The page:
Monday, 8 January 2007

Are protein shakes right for you?

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I've heard a lot of buzz surrounding protein shakes in the past few years, so I decided to figure out just what they are and whether or not I should be drinking them, like everybody else seems to be doing. Protein shakes are just that -- shakes infused with protein, often in soy, egg or whey form. The shakes are often fruit smoothie-style -- at least the ones I've had have been. In theory, increasing your protein intake increases your chances of losing weight when you're working out.

Should you be consuming protein shakes? If you're a pro athlete, sure, but otherwise it's not really necessary. Adding protein to a smoothie adds calories -- lots of them. If you already have a balanced diet, t hat extra protein isn't necessary. As for weight-loss, it's a result of decreasing the number of calories you consume, but if you add a bunch of extra calories in the form of a protein shake, that kind of defeats the purpose, doesn't it?

What are your thoughts on protein shakes? Have they helped you lose weight?

This winter is allergy friendly

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As much as I hate winter with its freezing temperatures and icy weather, I know it serves a purpose. Here in the Midwest we're experiencing a much warmer than average winter season, and it seems to be happening in other parts of the U.S. as well. Besides being hard on farmland, warm weather this time of year has had other interesting effects -- like doctor's offices getting flooded with patients suffering from seasonal allergy symptoms, in January!

This winter's strange weather patterns have caused a flush of mold spores and other allergens, and many patients making appointments thinking they have a common cold are finding out they really just have allergies. Doctors warn that things may only get worse if the weather stays on the same track -- the official allergy season may start earlier than normal if wildflowers get a head start and trees bud early.


Walking off the pounds: A success story

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Here's some inspiration for your weight-loss journey, in the form of a success story. Allison lost 40 pounds by heading for the hills and walking around the many nature trails in her neighborhood. In order to figure out how healthy her diet was, she started keeping track of what she ate in a food journal. Once she did that, the truth was revealed: she was eating too much junk and fast food. Armed with this information, she started to dish up healthy versions of her favorite dishes, such as whole-wheat veggie pizza with low-fat cheese.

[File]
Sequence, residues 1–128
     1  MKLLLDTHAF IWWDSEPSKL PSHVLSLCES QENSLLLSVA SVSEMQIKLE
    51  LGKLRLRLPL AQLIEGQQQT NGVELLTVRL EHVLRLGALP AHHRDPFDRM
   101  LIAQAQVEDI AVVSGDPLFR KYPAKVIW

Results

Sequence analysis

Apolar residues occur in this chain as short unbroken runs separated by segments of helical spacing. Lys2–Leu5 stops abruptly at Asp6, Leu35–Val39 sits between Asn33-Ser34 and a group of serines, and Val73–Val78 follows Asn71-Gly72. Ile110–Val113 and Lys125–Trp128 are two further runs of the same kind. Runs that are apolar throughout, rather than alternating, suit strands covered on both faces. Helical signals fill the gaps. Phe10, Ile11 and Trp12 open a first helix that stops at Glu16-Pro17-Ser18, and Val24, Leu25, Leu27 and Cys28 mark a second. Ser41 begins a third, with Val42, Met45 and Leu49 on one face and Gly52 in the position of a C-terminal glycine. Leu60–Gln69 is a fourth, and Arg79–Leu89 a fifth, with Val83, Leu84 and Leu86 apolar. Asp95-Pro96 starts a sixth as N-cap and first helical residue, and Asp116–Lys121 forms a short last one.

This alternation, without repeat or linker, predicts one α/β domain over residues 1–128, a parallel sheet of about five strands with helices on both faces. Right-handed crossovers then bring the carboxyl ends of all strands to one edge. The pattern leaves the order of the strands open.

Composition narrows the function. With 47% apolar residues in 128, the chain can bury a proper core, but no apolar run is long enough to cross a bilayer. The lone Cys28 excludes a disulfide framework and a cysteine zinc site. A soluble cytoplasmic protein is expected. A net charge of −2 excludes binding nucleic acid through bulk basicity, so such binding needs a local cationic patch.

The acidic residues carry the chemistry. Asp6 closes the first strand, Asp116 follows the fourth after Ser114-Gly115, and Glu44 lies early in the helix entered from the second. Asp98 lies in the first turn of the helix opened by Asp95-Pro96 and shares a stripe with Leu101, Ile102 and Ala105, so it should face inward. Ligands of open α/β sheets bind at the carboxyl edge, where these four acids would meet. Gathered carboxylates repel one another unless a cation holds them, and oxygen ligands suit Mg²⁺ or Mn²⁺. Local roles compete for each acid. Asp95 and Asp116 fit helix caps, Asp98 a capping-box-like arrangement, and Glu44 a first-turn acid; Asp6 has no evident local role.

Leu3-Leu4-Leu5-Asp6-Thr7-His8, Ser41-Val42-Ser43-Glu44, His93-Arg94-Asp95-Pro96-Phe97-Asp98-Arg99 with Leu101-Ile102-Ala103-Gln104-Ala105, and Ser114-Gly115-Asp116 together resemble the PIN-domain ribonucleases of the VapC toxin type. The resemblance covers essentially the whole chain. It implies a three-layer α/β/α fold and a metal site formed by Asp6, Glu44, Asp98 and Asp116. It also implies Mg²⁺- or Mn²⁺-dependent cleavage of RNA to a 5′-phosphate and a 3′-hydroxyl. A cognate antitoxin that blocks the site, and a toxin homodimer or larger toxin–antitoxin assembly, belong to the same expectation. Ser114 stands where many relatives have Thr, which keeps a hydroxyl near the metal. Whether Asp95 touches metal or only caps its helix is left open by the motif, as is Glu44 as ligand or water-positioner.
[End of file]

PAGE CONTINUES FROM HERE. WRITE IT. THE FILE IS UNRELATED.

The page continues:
What's even more amazing is that she's kept off the pounds for 4 years, even through a pregnancy.

I love these inspirational stories. What about you?

Scientists find new source of stem cells

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Today the results of a study 7 years in the making have been released: scientists have confirmed an alternative source of stem cells -- from amniotic fluid and placental tissue. This is awesome news because it allows the research and use of stem cells without harming fetuses. Researchers at Wake Forest University and Harvard University hope that these newly discovered cells will hold the same promise as embryonic stem cells and provide continued hope for tissue repair and even engineered organs, but without the controversy. And they believe the amniotic and placental stem cells offer a couple things that embryonic stem cells don't: an almost unlimited supply (think of all the births in the U.S. every year) and, due to that availability, the ability to find a genetic match for practically any patient in need.

Obviously this concept is not completely new, with research having been done for many years. But I hadn't heard much about it before now, and I'm excited that this study has added confirmation to the idea and that the issue is now getting so much attention and publicity. Yay!

Jumpstart Your Fitness: 7 secrets to keep you moving

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Being the month of new resolutions, you'd think willpower and motivation wouldn't be a problem in January. But actually, it might be more important now than ever to find ways to keep yourself going strong. After all, if you develop good habits and coping strategies now for those tough times when you're "just not feeling it," that new goal you set for yourself will have a much better shot at becoming a reality and lasting long term.

Here are 7 tips to keep you on track this month and this year:

Continue reading Jumpstart Your Fitness: 7 secrets to keep you moving

Daily Fit Tip: Head for the hills

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Here's an easy way to rev up your already-established walking routine: take the path of most resistance. What does that mean? Take the hard route, the one with all the hills. You might think the because you walk every day, you're in great shape, but trust me -- taking a steep hill will leave you huffing and puffing. And it will up the amount of calories you're burning, not to mention sculpting your legs.